Friday, January 10, 2014

Common Pruning Mistakes

In our area, January and February is the time to prune woody plants, except those that bloom in spring. (Which you could prune if you want to, but then you would be cutting off all the flower buds.)

Of all the things people do in gardens, pruning seems to me to be the one thing everyone thinks they know how to do and almost everyone, even those who are supposedly professionals, gets wrong. This drives me crazy because once a plant has been butchered, it can't be put back together again.

So to get 2014 off to a good start, I am going to post pruning videos from Plant Amnesty, featuring Cass Turnbull. Cass has been a landscape gardener for 30 years and she's seen it all. She's opinionated, funny and a good teacher. So watch and learn. And then visit her website for more information.

Monday, November 4, 2013

Kitchen Garden Inspiration from Chateau Villandry

A few years ago, I had the pleasure of visiting the gardens at the Chateau Villandry in the Loire Valley of France. The gardens there are gorgeous. Of all of them, though, the kitchen garden is the one that made the biggest impression on me. My memory of that visit has forever changed what comes to mind when I hear the phrase, "kitchen garden."

I've grown vegetables and I know that "working" gardens, the ones that produce our food, aren't always picture perfect. They start out in spring looking orderly, but as the season progresses and gardeners get bored or busy with other things, the garden begins to go a bit wild. Vines wander, weeds creep in, lettuce bolts, and yellow leaves tattle on gardeners who water too much or too little.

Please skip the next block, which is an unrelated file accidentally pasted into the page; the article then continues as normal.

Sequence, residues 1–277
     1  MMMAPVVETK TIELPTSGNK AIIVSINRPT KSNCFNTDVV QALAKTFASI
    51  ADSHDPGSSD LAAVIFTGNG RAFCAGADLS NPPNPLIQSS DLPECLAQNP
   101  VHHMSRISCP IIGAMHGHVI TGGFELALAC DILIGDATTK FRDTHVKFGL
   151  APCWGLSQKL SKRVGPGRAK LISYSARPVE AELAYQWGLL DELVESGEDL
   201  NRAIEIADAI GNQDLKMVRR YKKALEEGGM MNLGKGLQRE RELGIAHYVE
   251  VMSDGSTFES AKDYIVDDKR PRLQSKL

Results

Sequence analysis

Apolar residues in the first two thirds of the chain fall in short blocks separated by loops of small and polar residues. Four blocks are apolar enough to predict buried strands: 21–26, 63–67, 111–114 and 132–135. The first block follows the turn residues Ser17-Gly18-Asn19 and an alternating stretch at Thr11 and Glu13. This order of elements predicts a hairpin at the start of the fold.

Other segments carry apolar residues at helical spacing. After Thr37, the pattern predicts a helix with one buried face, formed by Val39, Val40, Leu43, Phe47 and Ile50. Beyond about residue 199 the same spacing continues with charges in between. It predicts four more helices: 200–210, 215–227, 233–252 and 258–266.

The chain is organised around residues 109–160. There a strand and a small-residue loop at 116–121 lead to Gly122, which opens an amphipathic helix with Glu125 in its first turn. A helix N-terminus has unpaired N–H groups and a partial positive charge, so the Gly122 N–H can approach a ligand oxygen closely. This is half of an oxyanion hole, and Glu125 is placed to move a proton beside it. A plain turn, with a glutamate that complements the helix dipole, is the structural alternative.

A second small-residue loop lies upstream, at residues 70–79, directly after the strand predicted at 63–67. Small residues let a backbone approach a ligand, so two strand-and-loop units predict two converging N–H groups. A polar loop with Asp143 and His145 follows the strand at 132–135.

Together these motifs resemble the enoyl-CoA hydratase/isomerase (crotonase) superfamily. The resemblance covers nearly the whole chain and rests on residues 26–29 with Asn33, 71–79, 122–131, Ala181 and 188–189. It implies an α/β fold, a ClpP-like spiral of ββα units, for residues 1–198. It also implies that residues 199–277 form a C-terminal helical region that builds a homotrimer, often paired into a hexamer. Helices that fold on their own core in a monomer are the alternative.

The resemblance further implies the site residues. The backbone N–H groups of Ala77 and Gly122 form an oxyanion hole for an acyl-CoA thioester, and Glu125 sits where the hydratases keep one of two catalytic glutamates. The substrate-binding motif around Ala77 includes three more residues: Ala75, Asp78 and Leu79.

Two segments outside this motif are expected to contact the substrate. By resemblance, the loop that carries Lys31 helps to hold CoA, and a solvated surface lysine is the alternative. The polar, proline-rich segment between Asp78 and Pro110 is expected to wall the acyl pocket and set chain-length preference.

Before my visit to Villandry, I thought of gardens as being either ornamental, planted and arranged to bring beauty into a space, or edible, planted for the purpose of food production. Never the twain to meet. But leave it to the French, with their love of all things beautiful and delicious, to combine the two.

I was there in September, the time of year when vegetable gardens often look their worst. But here, with beds edged with boxwood, flowers and espalliered apple trees, the garden looks tidy and thriving. 

Villandry's kitchen garden is all organic. Gardeners use non-chemical techniques both old and new to maintain the health of the soil and plant material. 

It's all here: cabbages, kale, beans, various greens, leeks, berries, dwarf fruit trees and more. I saw pumpkins and squash being harvested when I was there. Rose standards mark the corners of beds. Annuals and perennials provide cutting flowers and seasonal color.

Where does all this bounty go? The chateau restaurant, La Doulce Terrasse, offers a seasonal menu featuring produce from the garden and the local area.

If you would like to visit Villandry and enjoy its gardens, information is available on their official website. Even if you can't visit in person, you'll want to take a look to find inspiration for your own kitchen garden. Bon appetit!